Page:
[House Practice: A Guide to the Rules, Precedents and Procedures of the House] [Chapter 57. Veto of Bills] [From the U.S. Government Printing Office, www.gpo.gov] [[Page 901]] CHAPTER 57 - VETO OF BILLS HOUSE PRACTICE Sec. 1. In General; Veto Messages Sec. 2. House Action on Vetoed Bills Sec. 3. -- Consideration as Privileged Sec. 4. -- Motions in Order Sec. 5. -- Debate Sec. 6. -- Voting; Disposition of Bill Sec. 7. Pocket Vetoes Sec. 8. Line Item Veto Authority Research References U.S. Const. art. I Sec. 7 4 Hinds Sec. Sec. 3520-3552 7 Cannon Sec. Sec. 1094-1115 Deschler Ch 24 Sec. Sec. 17-23 Manual Sec. Sec. 104, 107-109, 112-114, 1130(6B) Sec. 1 . In General; Veto Messages Generally The authority for the President to disapprove, or veto, a bill is spelled out in article I, section 7 of the Constitution. The same clause addresses the process by which the Congress can override a veto and enact a measure into law. The President has a 10-day period in which to approve or disapprove a bill. He can sign the bill into law or he can return it to the House of its origination with a veto message detailing why he chooses not to sign. If he fails to give his approval by affixing his signature during that period, the bill will become law automatically, without his signature. However, in very limited circumstances the President may, by withholding his signature, effect a ``pocket veto.'' If before the end of a 10-day signing period the Congress adjourns sine die and thereby prevents the return of the bill, the bill does not become law if the President has taken no action regarding it. At this stage, the bill can become a law only if the President signs it. Deschler Ch 24 Sec. 17. For a discussion of pocket vetoes, see Sec. 7, infra. The 10-day period given the President under the Constitution in which to approve or reject a bill begins at midnight at the close of the day on [[Page 902]] which the bill is presented to him. The day on which the bill is presented to the President is not counted in the computation, and Sundays also are excluded. Deschler Ch 24 Sec. 17.1 Under the usual practice, bills are considered to have been ``presented to the President'' when they are delivered to the White House. However, bills delivered to the White House while the President was abroad have been held by the White House, under arrangements agreed to with the presenting House, for presentation to the President upon his return to the United States. Manual Sec. 105. When the President exercises his veto authority, he returns the enrollment with a sealed message setting forth his objections. An enrolled House bill returned to the Clerk during a recess with a ``memorandum of disapproval'' setting forth the objections of the President has been treated by the House as a return veto. Manual Sec. 107. Sec. 2 . House Action on Vetoed Bills The Speaker lays a veto message before the House on the day it is received. Deschler Ch 24 Sec. 20.1. It is then read and entered in the Journal. Manual Sec. 108. The Speaker then announces: The objections of the President will be spread at large upon the Journal and the message and bill will be printed as a House document. When the message is laid before the House, the question on passage is considered as pending. No motion from the floor to reconsider the bill is necessary. 7 Cannon Sec. Sec. 1097-1099. If the House does not wish to proceed immediately to reconsider the bill, the motions to lay on the table, to postpone consideration to a day certain, or to refer to committee are available. See Sec. 4, infra. Under rule XVI clause 4, and under the precedents, the motion for the previous question takes precedence over a motion to postpone or to refer when a question is under debate. However, where the Speaker has laid before the House a veto message from the President but has not yet stated the question to be on overriding the veto, that question is not ``under debate'' and the motion for the previous question does not take precedence. Manual Sec. 108. If the House wishes to proceed to the consideration of the message and address the question of passing the bill over the President's veto, it can defeat any preferential motion that is offered and proceed to the main question. If no preferential motion is offered, the Chair then states the question as follows: [[Page 903]] The pending question is whether the House will, on reconsideration, pass the bill, the objections of the President to the contrary notwithstanding. Sec. 3 . -- Consideration as Privileged The consideration of a veto message from the President is a matter of high privilege and may interrupt consideration of a pending matter (such as a conference report) if the previous question has not been ordered on that matter. 95-2, Oct. 5, 1978, p 33704. Although its consideration may be postponed to a day certain, it remains highly privileged and becomes the unfinished business on that day. Deschler Ch 24 Sec. Sec. 22.1, 22.2. A vetoed bill may be laid on the table. However, because it is still highly privileged, a motion to take it from the table is in order at any time. Manual Sec. 108; 4 Hinds Sec. 3550; 5 Hinds Sec. 5439; 7 Cannon Sec. 1105. If a veto message is referred to committee, a motion to discharge the committee from further consideration of the message also is highly privileged. 4 Hinds Sec. 3532. A vetoed bill received in the House from the Senate is considered as if received directly from the President and supersedes the regular order of business. Manual Sec. 107; 4 Hinds Sec. 3537; 7 Cannon Sec. 1109. The privilege accorded vetoed bills does not extend to a bill reported in lieu of a vetoed bill. 4 Hinds Sec. 3531; 7 Cannon Sec. 1103. Although highly privileged, the consideration of a vetoed bill yields to:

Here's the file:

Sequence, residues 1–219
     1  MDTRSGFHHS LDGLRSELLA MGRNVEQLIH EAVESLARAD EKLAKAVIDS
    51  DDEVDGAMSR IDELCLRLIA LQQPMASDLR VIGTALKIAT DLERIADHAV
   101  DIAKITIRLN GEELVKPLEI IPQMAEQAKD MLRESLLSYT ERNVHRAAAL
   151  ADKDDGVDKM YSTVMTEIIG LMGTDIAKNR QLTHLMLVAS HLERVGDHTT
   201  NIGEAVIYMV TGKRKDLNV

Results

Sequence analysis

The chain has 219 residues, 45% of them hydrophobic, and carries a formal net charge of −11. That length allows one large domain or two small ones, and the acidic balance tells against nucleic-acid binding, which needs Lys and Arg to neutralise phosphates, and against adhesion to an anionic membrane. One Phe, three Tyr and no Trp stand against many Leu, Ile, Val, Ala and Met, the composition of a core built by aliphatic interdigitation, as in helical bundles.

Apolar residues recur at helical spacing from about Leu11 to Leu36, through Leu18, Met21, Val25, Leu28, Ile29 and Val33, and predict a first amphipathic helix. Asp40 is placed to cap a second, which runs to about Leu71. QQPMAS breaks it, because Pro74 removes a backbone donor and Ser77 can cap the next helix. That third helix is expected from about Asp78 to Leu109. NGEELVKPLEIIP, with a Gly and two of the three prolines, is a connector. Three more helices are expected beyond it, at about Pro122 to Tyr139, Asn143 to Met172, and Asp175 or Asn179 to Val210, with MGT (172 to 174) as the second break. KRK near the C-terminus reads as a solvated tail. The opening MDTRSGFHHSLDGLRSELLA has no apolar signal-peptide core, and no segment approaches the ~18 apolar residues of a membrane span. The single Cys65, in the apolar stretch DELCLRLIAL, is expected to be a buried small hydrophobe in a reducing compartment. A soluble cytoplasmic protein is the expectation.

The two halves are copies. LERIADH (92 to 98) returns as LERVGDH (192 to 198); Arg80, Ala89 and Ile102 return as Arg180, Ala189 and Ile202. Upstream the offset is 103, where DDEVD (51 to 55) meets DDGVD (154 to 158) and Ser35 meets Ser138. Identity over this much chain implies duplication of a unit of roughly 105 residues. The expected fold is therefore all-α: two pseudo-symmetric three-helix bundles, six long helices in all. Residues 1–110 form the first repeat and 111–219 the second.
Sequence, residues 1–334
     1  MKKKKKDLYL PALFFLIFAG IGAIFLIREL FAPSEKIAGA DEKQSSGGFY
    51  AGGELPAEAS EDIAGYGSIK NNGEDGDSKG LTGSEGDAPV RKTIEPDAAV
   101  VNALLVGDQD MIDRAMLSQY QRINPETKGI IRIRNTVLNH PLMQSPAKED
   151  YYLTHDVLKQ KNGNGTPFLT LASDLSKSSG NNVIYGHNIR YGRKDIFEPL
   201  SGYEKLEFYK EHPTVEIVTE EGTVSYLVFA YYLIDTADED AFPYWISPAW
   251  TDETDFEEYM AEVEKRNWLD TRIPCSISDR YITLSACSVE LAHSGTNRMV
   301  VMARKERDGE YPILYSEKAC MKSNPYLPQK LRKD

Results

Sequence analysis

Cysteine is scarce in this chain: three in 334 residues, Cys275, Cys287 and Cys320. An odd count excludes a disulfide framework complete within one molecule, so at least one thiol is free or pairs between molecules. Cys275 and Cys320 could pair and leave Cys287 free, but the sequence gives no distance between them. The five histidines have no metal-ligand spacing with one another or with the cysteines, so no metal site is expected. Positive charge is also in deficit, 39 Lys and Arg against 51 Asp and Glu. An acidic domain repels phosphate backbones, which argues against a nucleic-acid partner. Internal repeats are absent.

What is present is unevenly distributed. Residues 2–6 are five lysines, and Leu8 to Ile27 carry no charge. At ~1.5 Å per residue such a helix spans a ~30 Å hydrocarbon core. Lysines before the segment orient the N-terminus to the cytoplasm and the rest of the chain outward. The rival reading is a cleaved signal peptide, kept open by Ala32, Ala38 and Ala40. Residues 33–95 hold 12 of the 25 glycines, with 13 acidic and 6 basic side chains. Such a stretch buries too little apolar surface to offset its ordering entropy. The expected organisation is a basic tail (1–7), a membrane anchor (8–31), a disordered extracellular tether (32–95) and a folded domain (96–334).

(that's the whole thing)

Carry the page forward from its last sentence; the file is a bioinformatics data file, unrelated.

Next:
Unfinished business from the preceding day with the previous question ordered. 8 Cannon Sec. 2693. A matter being considered as a question privileged under the Constitution, such as a contested election. 5 Hinds Sec. 6642. A motion to adjourn. 4 Hinds Sec. 3523. Sec. 4 . -- Motions in Order Generally The mandate under article I, section 7 of the Constitution, that the House ``shall . . . proceed to reconsider'' a vetoed bill, means that the House considers it under the rules of the House, with the ordinary motions under the House rules available. Manual Sec. 108. The motions to lay the bill on the table, to postpone to a day certain, and to refer take precedence in the order named over the question of reconsideration of passage, the objections of the President to the contrary notwithstanding, until the previous question is ordered. A Member may not move the previous question on the question of reconsideration where the Chair has not yet stated the question [[Page 904]] to be pending on overriding the veto. Manual Sec. 108; see also 7 Cannon Sec. 1105. Postponement Although the House often takes immediate action on a veto message from the President, the consideration of the message may be postponed to a day certain by unanimous consent or by motion. 4 Hinds Sec. Sec. 3542-3547; Deschler Ch 24 Sec. 21.9. Such a postponement is not in violation of the constitutional requirement that the House ``shall . . . proceed to reconsider'' a vetoed bill. Manual Sec. 108. The postponement has been for as long as eight months and into the next session of the same Congress. 99-1, Dec. 17, 1985, p 37477. The motion to postpone further consideration of a veto message is debatable for one hour. Manual Sec. 108. When consideration of a veto message is postponed to a day certain, it becomes unfinished business on that day. Deschler Ch 24 Sec. 22.1. At that time, the veto message may be voted on, tabled, referred to committee, or again postponed as the House determines. Manual Sec. 108. Referral to Committee A veto message from the President may be referred to a committee by unanimous consent or by motion. 4 Hinds Sec. 3550; Deschler Ch 24 Sec. 21.5. Such a referral is in order in the House even on a bill that the Senate has already passed over the President's veto. 94-2, Jan. 26, 1976, p 874. A motion to refer a veto message to committee takes precedence over the question of reconsideration. 7 Cannon Sec. 1100. However, although the ordinary motion to refer may be applied to a vetoed bill, the motion is not in order pending the demand for the previous question or after it is ordered on the constitutional question of reconsideration. 7 Cannon Sec. 1102. Discharge of Committee A motion to discharge a committee from the consideration of a vetoed bill is privileged. 4 Hinds Sec. 3532. Under the modern practice, such motion is debatable under the hour rule. Manual Sec. 108. The motion is renewable every legislative day, notwithstanding the tabling of a prior motion. 100-2, Aug. 10, 1988, p 21589. If a motion to discharge is agreed to, the veto message is pending as unfinished business. Manual Sec. 108. Sec. 5 . -- Debate Debate on the question of overriding the President's veto of a bill is under the hour rule. Deschler Ch 24 Sec. 22.7. The previous question may be moved by the manager at any time during the debate. Deschler Ch 24 [[Page 905]] Sec. 22.9. The Chair normally recognizes the chairman of the committee or subcommittee that managed the bill to control the debate on the veto message. Sec. 6 . -- Voting; Disposition of Bill Under article I, section 7 of the Constitution, a vetoed bill becomes law when it is reconsidered and passed by the requisite two- thirds vote in each House. The two-thirds vote required to pass the bill is two-thirds of the Members voting, a quorum being present, and not two-thirds of the total membership of the House. 4 Hinds Sec. Sec. 3537, 3538; 7 Cannon Sec. 1111. Section 7 further requires that the vote on passage of a bill over the President's veto must be by the yeas and nays. Deschler Ch 24 Sec. 22.10. The motion to reconsider is not in order on the vote on the question of overriding a veto. 5 Hinds Sec. 5644; 8 Cannon Sec. 2778. When a vetoed House bill is reconsidered and passed in the House, the House sends the bill and veto message to the Senate and informs that body that it passed by the constitutional two-thirds vote. When the House fails to pass a bill over the President's veto, the bill and veto message are referred to committee, and the Senate is informed of the action of the House. Deschler Ch 24 Sec. 23. Sec. 7 . Pocket Vetoes Generally; Use After Final Adjournment Under the Constitution, if the President neither signs nor returns a bill within 10 days (Sundays excepted), it becomes law as if he had signed it, unless Congress by its adjournment ``prevents its return.'' U.S. Const. art. I, Sec. 7. The President is said to ``pocket veto'' a bill where he takes no action on the bill during the 10-day period and where the Congress adjourns sine die before the expiration of that time in such a manner as to prevent the return of the bill to the originating House. Manual Sec. 112; Deschler Ch 24 Sec. 18; The Pocket Veto Case, 279 U.S. 655, 680 (1929) (dicta). A constitutional debate still lingers with respect to the conditions under which the President may exercise his pocket veto authority during other types of adjournment of a Congress. The executive and legislative branches have sometimes held different perspectives with respect to the conditions surrounding an adjournment and their impact on the return of a bill disapproved by the President. [[Page 906]] During Intersession Adjournments The Supreme Court has held that the President's return of a bill to the originating House was prevented when the Congress adjourned its first session sine die fewer than 10 days after presenting the bill to him for his approval. Because neither House was in session to receive the bill, the President was prevented from returning it, and a pocket veto was upheld. The Pocket Veto Case, 279 U.S. 655 (1929). A more recent appellate court decision held that the return of a bill during an adjournment between sessions was not prevented within the meaning of the Constitution where the originating House had appointed an agent for the receipt of Presidential veto messages. The decision further stated that the validity of a pocket veto is governed not by the type or length of adjournment but by whether the conditions of the adjournment impede the actual return of the bill. Barnes v. Kline, 759 F.2d 21 (D.C. Cir. 1985), vacated as moot, Burke v. Barnes, 479 U.S. 361 (1987). As part of the concurrent resolution providing for the sine die adjournment of the first session, the Congress has affirmed its position that an intersession adjournment does not prevent the return of a bill where the Clerk and the Secretary of the Senate are authorized to receive messages during the adjournment. Manual Sec. 113. Under rule II clause 2(h), the Clerk is authorized to receive messages from the President at any time that the House is not in session. Manual Sec. 652. When the second session of the 101st Congress convened, the House asserted its right to reconsider a bill returned with a Presidential ``memorandum of disapproval'' received during the sine die adjournment. Manual Sec. 113; 101-2, Jan. 23, 1990, p 3. During Intrasession Adjournments An adjournment of Congress during a session does not prevent the President from returning a bill he disapproves, as long as appropriate arrangements are made by the originating House for the receipt of Presidential messages during the adjournment. Thus, it has been held that a Senate bill cannot be pocket vetoed by the President during an ``intrasession'' adjournment of Congress for more than three days to a day certain, where the Secretary of the Senate has been authorized to receive Presidential messages during such adjournment. Kennedy v. Sampson, 511 F.2d 430 (D.C. Cir. 1974); see also Kennedy v. Jones, 412 F. Supp. 353 (D.D.C. 1976). The Supreme Court has held that the adjournment of the House of origin for a period not exceeding three days while the other House of the Congress remained in session, does not prevent the return of a vetoed bill to the House of origin. Wright v. United States, 302 U.S. 583 (1938). In one instance the House and Senate reconsidered and passed a bill that was ostensibly pocket vetoed during an intrasession adjournment. The [[Page 907]] Administrator of General Services at the Archives (now Archivist), upon receiving instructions from the Department of Justice, declined to promulgate the bill as public law on the day it was received. The question as to the efficacy of the congressional action in passing the bill over the President's veto was mooted when the House and Senate passed an identical bill that was signed into law. Manual Sec. 113. On similar occasions when the President has asserted a pocket veto during an intersession adjournment, the House has regarded the President's actual return of the bill without his signature as a return veto and proceeded to reconsider the bill over the President's objections. Manual Sec. 113. For a joint letter from Speaker Foley and Minority Leader Michel to the President, and a response thereto by Attorney General Thornburg, on the use of pocket veto authority during an intrasession adjournment, see 101-2, Jan. 23, 1990, p 3. For a joint letter from Speaker Hastert and Minority Leader Gephardt reiterating their predecessors' concerns in this area, see 106-2, Sept. 19, 2000, p ____; 106-2, Nov. 13, 2000, p ____. For discussions of the constitutionality of intersession or intrasession pocket vetoes, see Kennedy, ``Congress, The President, and The Pocket Veto,'' 63 Va. L. Rev. 355 (1977), and Hearing, Subcommittee on Legislative Process, Committee on Rules, on H.R. 849, 101st Congress. Sec. 8 . Line Item Veto Authority The Line Item Veto Act took effect on January 1, 1997. 2 USC Sec. 691-691f. The Act gave the President the authority to cancel discrete dollar amounts of discretionary budget authority, new direct spending, and limited tax benefits contained in Acts sent to him for approval. Cancellations were effective unless disapproved by law. Such disapprovals could be enacted under the congressional review procedures set forth in the Act. The President has exercised his cancellation authority on a couple of occasions. See H. Doc. 105-147, H. Doc. 105-115, and H. Doc. 105-116. In Clinton v. City of New York, 524 U.S. 417 (1998), the Supreme Court held that the cancellation authority of the Line Item Veto Act violated the presentment clause of article I, section 7 of the Constitution. Although the congressional review procedures remain in the law, the Court decision makes it unlikely that they will be invoked. See Manual Sec. 1130(6B).